On March 2, 2022, the Center for International Development (CID) hosted a virtual panel discussion on how to shape the future of work. This was the fifth monthly panel event on CID’s moving Beyond COVID initiative, with each month representing different key dimensions of COVID response and recovery.

The event featured Guy Ryder, the Director General of the International Labor Organization (ILO); Gordon H. Hansen, Peter Wertheim Professor of Urban Policy at the Harvard Kennedy School of Government; and Ashley V. Whillans, Assistant Professor of Business Administration at Harvard Business School. The discussion was moderated by CID Director, Asim Khwaja. 

Each panelist presented unique “dark clouds” and silver linings to the primary discussion on the implications of COVID on the global workforce and how we envision the future of work as we move beyond COVID. Mr. Ryder voiced concerns about the divergence between rich and poor economies and the unequal trajectory of recovery due to unequal access to fiscal resources, and vaccination which have enormous implications the world of work. He highlighted the need for institutional level changes to negotiate both monetary as well as non-monetary conditions for the high-skilled and low-skilled workforce worldwide. Professor Whillans, drawing from her research in Kenya and India, underlined time poverty as a pressing concern especially for working women during COVID because a disproportionate share of household responsibilities falls on them. She also highlighted meaning, purpose, and time affluence as top drivers of employee engagement at work and called for providing flexibility in a way that’s equitable for all workers in the organizations. Professor Hansen, among other things, highlighted the need for rethinking the global supply chain and reskilling the global labor force in the changing landscape of work. Given robust growth in entrepreneurship during COVID, Professor Hansen emphasized sectoral and active labor market trainings to help disadvantaged workers pivot to more productive and new lines of work as well as technical assistance to SMEs to upgrade operations.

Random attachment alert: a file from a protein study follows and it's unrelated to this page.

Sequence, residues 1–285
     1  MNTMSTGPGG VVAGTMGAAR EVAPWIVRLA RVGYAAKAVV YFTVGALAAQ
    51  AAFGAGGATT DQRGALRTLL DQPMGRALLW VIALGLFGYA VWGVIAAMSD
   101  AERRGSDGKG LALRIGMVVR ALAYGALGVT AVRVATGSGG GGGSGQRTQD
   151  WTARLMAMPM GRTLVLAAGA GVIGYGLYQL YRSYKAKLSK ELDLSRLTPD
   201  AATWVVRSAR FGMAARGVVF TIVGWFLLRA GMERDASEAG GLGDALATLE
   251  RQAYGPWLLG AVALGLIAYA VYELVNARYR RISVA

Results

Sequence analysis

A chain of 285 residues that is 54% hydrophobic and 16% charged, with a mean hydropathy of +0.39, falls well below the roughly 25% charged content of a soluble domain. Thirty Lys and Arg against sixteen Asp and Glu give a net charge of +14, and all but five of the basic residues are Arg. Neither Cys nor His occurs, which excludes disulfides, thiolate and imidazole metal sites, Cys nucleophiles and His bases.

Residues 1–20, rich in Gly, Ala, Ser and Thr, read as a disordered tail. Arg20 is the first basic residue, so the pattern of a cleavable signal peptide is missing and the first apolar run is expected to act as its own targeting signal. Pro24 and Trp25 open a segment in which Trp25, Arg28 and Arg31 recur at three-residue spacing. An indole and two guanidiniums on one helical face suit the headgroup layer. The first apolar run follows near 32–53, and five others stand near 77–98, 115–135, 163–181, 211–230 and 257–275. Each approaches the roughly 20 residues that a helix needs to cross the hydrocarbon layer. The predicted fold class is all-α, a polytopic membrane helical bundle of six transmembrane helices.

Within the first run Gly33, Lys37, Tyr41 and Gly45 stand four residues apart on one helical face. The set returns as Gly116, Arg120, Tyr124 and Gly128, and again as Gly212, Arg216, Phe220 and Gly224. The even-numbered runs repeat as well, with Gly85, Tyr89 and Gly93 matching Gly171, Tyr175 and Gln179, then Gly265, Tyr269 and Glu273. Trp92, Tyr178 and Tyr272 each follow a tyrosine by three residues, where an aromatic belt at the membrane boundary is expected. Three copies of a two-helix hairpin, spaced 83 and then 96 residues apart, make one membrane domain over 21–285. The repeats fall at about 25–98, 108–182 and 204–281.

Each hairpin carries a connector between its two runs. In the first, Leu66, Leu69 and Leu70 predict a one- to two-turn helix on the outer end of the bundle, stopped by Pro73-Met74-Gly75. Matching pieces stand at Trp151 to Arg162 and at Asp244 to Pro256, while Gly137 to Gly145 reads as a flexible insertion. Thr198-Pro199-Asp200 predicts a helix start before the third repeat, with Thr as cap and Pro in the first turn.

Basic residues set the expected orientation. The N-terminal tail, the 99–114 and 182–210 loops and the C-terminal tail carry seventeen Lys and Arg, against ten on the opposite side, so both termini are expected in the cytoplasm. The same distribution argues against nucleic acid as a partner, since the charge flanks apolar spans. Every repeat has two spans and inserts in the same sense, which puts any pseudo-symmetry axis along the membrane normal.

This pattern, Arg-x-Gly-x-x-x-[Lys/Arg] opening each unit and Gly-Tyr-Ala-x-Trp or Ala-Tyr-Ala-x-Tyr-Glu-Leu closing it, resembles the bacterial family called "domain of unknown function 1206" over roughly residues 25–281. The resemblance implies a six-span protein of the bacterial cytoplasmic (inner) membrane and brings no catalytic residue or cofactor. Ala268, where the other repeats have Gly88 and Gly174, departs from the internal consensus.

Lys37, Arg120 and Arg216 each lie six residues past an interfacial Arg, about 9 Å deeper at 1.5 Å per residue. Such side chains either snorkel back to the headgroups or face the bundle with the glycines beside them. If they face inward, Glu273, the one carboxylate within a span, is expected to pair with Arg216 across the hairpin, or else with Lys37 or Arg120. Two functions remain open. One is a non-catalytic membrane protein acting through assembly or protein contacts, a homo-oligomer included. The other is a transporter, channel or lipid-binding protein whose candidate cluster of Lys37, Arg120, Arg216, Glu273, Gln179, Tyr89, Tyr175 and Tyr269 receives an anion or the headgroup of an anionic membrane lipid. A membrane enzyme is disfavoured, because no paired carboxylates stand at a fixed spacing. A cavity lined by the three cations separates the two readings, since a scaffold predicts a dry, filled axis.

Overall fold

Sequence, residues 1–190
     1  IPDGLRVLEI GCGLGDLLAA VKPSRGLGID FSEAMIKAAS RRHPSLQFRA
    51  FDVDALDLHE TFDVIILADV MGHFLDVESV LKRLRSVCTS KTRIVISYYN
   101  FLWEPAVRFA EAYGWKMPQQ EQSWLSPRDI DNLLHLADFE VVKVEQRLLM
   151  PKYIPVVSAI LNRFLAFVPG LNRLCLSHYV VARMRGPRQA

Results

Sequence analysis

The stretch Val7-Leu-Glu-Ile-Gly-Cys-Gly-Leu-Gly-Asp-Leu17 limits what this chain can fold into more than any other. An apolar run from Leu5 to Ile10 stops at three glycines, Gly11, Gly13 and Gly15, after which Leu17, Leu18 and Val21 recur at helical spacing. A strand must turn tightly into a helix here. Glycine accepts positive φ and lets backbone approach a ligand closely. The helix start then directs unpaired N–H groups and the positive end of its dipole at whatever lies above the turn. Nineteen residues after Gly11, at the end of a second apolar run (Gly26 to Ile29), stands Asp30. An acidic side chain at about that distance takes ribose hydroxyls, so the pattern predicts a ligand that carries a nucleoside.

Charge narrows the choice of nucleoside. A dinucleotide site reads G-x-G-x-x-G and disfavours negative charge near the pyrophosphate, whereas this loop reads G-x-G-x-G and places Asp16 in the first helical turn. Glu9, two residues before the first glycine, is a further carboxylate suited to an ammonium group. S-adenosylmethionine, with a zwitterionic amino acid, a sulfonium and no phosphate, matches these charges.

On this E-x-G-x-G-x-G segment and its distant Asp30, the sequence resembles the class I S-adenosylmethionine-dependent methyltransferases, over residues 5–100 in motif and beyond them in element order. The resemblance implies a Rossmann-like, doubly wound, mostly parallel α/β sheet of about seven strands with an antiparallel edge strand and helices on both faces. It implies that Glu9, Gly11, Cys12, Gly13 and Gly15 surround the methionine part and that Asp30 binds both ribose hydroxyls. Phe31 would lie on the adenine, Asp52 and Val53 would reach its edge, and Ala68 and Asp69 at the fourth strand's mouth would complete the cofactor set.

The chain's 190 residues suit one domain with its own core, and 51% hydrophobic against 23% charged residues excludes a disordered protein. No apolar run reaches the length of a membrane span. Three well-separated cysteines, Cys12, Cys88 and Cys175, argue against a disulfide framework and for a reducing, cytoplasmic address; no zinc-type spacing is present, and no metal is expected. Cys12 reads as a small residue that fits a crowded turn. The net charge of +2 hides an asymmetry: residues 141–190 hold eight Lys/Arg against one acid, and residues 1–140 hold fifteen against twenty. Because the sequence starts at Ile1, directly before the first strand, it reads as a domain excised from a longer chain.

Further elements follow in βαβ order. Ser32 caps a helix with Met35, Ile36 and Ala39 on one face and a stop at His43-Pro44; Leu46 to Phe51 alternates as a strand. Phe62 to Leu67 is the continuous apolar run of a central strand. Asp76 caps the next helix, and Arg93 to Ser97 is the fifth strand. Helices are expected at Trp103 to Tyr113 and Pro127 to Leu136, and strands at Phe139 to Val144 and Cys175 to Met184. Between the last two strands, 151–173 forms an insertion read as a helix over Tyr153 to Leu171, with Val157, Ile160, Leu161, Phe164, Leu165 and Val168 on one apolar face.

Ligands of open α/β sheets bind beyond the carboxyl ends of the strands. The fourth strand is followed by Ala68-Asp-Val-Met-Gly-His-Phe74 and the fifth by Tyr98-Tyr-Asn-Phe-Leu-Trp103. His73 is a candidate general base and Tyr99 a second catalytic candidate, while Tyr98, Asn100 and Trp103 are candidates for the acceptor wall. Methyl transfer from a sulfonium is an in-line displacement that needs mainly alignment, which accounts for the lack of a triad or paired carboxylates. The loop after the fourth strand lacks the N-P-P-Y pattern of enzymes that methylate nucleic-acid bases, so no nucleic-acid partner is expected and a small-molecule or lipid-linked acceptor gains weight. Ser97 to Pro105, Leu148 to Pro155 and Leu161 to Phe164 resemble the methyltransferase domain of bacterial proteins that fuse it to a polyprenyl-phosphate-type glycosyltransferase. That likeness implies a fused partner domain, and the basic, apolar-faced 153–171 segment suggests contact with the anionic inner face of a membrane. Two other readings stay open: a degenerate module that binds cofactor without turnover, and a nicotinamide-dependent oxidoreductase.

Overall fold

A common thread in the panel discussion was the evident move towards dematerialization of the workplace and how we adapt to it: the institutions needed to negotiate equitable working conditions for all, provision of safety net in this new and increasingly atomized world of work, and ways to foster employer-employee relationships and work engagement. For more expert insights, listen to CID’s Beyond COVID podcast and catch up on the Beyond COVID panel discussions.


CID Student Ambassador Author:

Liza Maharjan, a first year MPA/ID candidate at the Harvard Kennedy School.